This is how beggar-thy-neighbor monetary policies work, and perhaps why they ultimately fail.» Read More
A few years ago, I spent the long weekend over MLK studiously avoiding doing either the conservative thing—celebrating our country’s dedication to equality and color-blindness—or the progressive thing—celebrating the accomplishments of African Americans.
Instead, I read a book called "The Geography of Thought: How Asians and Westerners Think Differently … and Why. "
Psychologist Richard E. Nisbett started out as a universalist concerning the nature of human thought, convinced that all populations perceive and reason in the same way. Apparently, this is \(or was\) a very common assumption among psychologists. Prompted by a Chinese student, however, Nisbett began to read more broadly and discovered evidence that Westerners and East Asians have maintained very different systems of thought for thousands of years.
I'd like to keep this short—because I've tried very hard not to write about it at all. But the story just won't die.
Ten days ago, a Yale Law school professor named Amy Chua wrote an essay in the Wall Street Journal called "Why Chinese Mothers Are Superior ". If you've missed the debate, I'll provide a thumbnail sketch.
As more and more states go deeper in the red, the possibility of "health care rationing" becomes more and more probable. Arizona recently decided to halt Medicaid reimbursements for organ transplants, for example.
I've talked to some of my contacts in DC and they say health care rationing could be the next big thing in today's tumultuous fiscal reality. I decided to speak with Amanda Glassman, Director of Global Health at the Center for Global Development, to find out more about about this phenomenon.
Goldman Profit Beats, but Profits Drop Sharply from Previous Quarter [CNBC] "Goldman Sachs reported a fourth-quarter profit that edged past Wall Street expectations Wednesday, but its quarterly revenue came in below forecasts as investment banking and client services revenue slipped. For the three months ended December, Goldman reported a profit of $3.79 a share, down from $8.20 a share in the same quarter a year ago. Revenue fell to $8.64 billion from $9.62 billion in the year-ago period."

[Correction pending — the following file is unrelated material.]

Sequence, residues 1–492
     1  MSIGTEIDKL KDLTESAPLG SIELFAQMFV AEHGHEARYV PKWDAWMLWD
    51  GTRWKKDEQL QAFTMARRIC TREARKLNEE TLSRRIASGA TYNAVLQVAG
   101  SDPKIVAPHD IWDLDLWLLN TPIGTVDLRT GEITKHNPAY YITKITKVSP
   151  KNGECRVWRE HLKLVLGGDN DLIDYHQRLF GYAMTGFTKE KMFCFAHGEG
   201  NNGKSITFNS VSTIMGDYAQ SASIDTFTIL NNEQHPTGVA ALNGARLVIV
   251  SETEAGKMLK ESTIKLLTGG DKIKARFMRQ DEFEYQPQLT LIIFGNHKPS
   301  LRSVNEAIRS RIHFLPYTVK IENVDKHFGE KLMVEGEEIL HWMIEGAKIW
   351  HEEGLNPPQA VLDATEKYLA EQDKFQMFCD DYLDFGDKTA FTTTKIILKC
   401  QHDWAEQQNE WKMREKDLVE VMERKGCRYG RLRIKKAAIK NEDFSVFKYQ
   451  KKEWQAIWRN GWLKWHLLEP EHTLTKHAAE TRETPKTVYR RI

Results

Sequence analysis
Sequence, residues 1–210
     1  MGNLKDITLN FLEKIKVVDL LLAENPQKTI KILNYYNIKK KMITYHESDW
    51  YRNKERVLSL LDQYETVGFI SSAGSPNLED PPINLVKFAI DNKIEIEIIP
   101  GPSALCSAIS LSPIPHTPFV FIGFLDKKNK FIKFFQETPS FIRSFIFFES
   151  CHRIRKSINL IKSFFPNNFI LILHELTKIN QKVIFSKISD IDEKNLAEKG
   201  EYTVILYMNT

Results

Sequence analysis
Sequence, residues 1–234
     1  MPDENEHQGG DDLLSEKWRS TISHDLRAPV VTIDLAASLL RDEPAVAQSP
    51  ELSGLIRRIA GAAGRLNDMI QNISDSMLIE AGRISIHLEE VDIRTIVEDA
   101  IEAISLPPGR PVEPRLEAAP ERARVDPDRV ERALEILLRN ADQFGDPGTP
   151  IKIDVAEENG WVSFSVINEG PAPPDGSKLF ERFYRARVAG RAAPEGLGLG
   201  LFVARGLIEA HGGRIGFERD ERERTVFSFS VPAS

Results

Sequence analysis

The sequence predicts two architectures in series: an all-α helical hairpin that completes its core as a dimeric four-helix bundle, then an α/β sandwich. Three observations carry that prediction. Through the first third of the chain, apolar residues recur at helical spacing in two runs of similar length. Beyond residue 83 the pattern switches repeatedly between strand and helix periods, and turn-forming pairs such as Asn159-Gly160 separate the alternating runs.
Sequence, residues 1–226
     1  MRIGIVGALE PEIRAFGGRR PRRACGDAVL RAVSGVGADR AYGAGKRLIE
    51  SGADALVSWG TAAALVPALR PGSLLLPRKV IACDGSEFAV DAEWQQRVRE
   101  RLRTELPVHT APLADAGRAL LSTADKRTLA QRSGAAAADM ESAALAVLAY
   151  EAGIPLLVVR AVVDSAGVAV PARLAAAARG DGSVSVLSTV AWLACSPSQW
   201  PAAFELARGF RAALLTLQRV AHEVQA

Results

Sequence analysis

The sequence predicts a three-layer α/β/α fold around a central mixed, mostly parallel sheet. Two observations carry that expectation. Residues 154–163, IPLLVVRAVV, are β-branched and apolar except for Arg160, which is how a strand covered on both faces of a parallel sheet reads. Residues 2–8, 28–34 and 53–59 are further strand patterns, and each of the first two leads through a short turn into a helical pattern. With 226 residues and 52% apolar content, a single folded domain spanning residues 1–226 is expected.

Wells Fargo Reports in Line Earnings [CNBC] "Wells Fargo posted earnings that matched expectations Wednesday, though the bank topped Wall Street's expectations on revenue. The banking giant reported fourth-quarter earnings of 61 cents a share. Wells Fargo earned 8 cents a share during the same period a year earlier. Sales for the most recent quarter rose to $21.49 billion, up from $22.70 billion last year."
"AIG Names 4 Banks as Lead Underwriters for Re-IPO" [CNBC] CNBC'sKate Kelly reports: "The giant insurer American International Group has chosen four banks to be joint global coordinators of its expected secondary offering: Bank of America, Deutsche Bank, Goldman Sachs, and JPMorgan Chase, according to people familiar with the matter. "
"Why Obama May Be Wall Street's New Best Friend" [CNBC] CNBC's Jeff Cox discusses president Obama—past, present, and future: "Candidate Obama was an anti-tax cut, pro-regulation, anti-big business populist ready to take on Wall Street and any fat-cat CEO who stood in his way. President Obama? A bit of a different story."
Citi Posts First Post Bail-Out Profit—Still Misses Estimates [DealBook—New York Times] "Citigroup announced quarterly profits of $1.3 billion on Tuesday, bringing its 2010 earnings to $10.6 billion, as the bank saw fewer losses on troubled loans. This is the first time Citigroup has posted a full-year profit since Vikram S. Pandit was named chief executive in 2007. Citigroup reported a loss of $1.6 billion in 2009, on top of a crippling $18 billion loss the year before. The bank has now turned a profit for four consecutive quarters."
If Goldman Sachs were not the source of the leaks about its deal with Facebook, would it have been forced to withdraw the offering from US clients anyway?
At approximately 2 PM today Blackstone Group—one of the largest private equity investment firms in the world—officially joined the Twitterverse by sending out its first tweet.
Changing federal bankruptcy law to allow individual states to file is an idea that appears to be gathering momentum—and opposition.
Under current US bankruptcy laws, the states are prevented from filing for bankruptcy—as municipalities now are permitted to do in about half the states. But the rhetoric is heating up, according to an article in the LA Times , in the weeks since my colleague Nicole Lapin reported on the topic .
Barack Obama’s editorial in the Wall Street Journal is sure to land him in hot water with the left and perhaps win him a few supporters on the right.
In case you missed the news, the president put his byline over a Wall Street Journal op-ed saying that he will sign an executive order to ensure that federal regulations strike a balance between protecting safety, health and the environment, on the one hand, and economic prosperity, on the other.
Apple is down around 3 percent to 4 percent today on the news of a health-related leave of absence for Steve Jobs. There has been much discussion in the media and among analysts about the "Steve Jobs Premium" and what his day-to-day presence is truly worth in terms of market cap and shareholder value.
This is how beggar-thy-neighbor monetary policies work, and perhaps why they ultimately fail.
UBS has reacted to the financial market turbulence by freezing salaries for its investment bankers until at least mid year. The FT reports.
Janet Yellen is expected to attempt to balance raising interest rates against the risks of a weaker global economy.